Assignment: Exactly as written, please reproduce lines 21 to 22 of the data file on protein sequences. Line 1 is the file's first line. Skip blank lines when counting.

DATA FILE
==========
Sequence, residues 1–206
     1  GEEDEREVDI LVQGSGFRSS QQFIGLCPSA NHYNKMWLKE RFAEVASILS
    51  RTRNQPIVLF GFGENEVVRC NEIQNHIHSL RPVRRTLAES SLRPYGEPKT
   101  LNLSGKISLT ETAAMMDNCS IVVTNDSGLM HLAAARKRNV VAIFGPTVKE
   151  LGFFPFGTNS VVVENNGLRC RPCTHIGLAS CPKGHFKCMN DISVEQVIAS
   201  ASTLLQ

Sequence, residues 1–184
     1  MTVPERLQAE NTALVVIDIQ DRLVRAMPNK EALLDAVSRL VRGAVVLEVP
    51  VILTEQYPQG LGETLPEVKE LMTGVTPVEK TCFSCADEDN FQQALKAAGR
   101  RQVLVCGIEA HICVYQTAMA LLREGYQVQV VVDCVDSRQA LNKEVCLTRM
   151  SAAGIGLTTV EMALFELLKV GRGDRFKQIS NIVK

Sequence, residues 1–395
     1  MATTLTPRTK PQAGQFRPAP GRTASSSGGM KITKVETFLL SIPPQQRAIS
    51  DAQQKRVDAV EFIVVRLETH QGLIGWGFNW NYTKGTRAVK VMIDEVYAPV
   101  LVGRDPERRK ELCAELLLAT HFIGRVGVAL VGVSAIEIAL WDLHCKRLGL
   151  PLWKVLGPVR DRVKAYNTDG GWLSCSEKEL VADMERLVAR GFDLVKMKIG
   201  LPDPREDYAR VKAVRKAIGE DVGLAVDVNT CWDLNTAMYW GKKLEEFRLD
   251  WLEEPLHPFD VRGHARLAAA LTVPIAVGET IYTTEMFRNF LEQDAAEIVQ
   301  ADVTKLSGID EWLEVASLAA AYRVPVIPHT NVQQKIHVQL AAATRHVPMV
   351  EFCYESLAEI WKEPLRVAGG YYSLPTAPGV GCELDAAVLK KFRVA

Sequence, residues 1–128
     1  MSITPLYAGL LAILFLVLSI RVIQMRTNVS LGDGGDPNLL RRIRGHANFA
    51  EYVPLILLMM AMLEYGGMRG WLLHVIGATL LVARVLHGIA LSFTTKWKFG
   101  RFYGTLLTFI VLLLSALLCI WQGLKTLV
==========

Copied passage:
Sequence, residues 1–128
     1  MSITPLYAGL LAILFLVLSI RVIQMRTNVS LGDGGDPNLL RRIRGHANFA